What Would Have Been Better: The show could have hired any given attractive TV vet as the new Dean, but you know what would have been dope? If Hugh Laurie convinced his ol’ pal Emma Thompson to do a mini-run. This may well be the last season of House, though, so the patchwork attack should hold up fine for that short term.
Grade: 3 Old Aunt Vivs
Two and a Half Men
Missing Character: Charlie Harper (Charlie Sheen), the womanizing star of the show. He was last seen heading to a weekend in Paris with Rose, his stalker-turned-girlfriend, where he was planning on proposing.
Actor’s Reason for Leaving: Sheen’s epic meltdown. Maybe you heard something about it?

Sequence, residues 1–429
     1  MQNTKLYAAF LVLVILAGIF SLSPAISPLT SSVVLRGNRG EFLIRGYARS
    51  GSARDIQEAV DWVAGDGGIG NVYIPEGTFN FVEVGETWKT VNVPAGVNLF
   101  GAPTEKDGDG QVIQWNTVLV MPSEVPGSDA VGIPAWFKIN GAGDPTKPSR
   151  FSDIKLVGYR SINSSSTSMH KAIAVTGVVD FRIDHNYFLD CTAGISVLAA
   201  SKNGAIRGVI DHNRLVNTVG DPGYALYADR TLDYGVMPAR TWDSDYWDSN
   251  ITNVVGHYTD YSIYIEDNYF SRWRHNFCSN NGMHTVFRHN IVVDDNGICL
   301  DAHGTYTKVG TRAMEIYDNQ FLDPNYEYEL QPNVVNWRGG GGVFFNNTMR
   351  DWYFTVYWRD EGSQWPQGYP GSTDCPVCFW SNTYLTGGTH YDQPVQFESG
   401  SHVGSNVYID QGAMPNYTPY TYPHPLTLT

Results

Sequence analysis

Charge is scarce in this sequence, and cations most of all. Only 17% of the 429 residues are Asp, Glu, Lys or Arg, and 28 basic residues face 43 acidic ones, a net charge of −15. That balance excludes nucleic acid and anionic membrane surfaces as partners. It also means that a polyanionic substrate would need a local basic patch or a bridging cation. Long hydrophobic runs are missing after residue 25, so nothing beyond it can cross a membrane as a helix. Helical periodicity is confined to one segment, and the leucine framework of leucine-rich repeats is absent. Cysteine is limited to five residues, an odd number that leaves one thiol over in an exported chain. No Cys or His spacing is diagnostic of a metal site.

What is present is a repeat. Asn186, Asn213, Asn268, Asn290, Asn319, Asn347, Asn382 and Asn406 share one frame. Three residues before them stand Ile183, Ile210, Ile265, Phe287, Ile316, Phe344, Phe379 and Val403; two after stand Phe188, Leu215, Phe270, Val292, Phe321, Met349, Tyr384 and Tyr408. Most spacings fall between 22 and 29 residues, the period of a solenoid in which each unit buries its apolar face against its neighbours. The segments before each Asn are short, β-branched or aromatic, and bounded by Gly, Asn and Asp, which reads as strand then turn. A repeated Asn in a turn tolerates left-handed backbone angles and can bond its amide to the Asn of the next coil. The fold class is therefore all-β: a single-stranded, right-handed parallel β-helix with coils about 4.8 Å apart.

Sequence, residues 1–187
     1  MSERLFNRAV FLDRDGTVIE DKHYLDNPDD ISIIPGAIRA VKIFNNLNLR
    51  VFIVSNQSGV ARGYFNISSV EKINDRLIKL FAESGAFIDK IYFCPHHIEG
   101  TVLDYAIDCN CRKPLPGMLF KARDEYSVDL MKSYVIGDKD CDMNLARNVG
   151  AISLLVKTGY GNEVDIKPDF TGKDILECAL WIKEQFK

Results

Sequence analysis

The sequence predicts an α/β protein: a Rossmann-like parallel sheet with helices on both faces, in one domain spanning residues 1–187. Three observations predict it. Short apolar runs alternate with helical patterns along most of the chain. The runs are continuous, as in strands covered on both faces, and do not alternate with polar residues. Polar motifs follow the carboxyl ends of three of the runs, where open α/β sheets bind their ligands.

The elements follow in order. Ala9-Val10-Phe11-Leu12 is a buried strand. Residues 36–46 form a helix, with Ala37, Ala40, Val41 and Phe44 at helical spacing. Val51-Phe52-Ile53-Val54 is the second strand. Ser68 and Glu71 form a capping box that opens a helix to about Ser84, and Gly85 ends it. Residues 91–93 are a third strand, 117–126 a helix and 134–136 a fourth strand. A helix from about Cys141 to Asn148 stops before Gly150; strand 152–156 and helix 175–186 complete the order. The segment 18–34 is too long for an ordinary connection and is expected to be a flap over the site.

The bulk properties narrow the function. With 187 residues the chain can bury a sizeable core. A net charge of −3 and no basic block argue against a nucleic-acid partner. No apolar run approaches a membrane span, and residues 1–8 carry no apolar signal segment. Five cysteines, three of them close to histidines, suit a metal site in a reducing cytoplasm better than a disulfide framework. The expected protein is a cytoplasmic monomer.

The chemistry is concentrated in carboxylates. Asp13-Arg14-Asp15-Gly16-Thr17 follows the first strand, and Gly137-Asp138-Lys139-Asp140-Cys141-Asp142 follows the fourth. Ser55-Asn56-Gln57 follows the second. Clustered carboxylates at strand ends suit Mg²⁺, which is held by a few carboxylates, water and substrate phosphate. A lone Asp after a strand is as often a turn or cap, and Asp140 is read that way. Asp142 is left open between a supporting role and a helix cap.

Character’s Fictional Reason for Leaving: Considering all the vitriol Sheen spewed at Men creator Chuck Lorre, it’s understandable that Lorre would give Harper an ignominious death. But having him “explode like a balloon full of meat” (off-screen! off-screen!) when a jilted Rose pushes him in front of a train? That is some next-level psychosis, Chuck. At the funeral, where this season’s premiere opened, Harper’s fuming former flings rattled off all the venereal diseases Charlie gave them. The only single moment of tenderness came when Alan (Jon Cryer) thanked Charlie’s ashes for giving him and his son a home. Then he spilled Charlie’s ashes everywhere.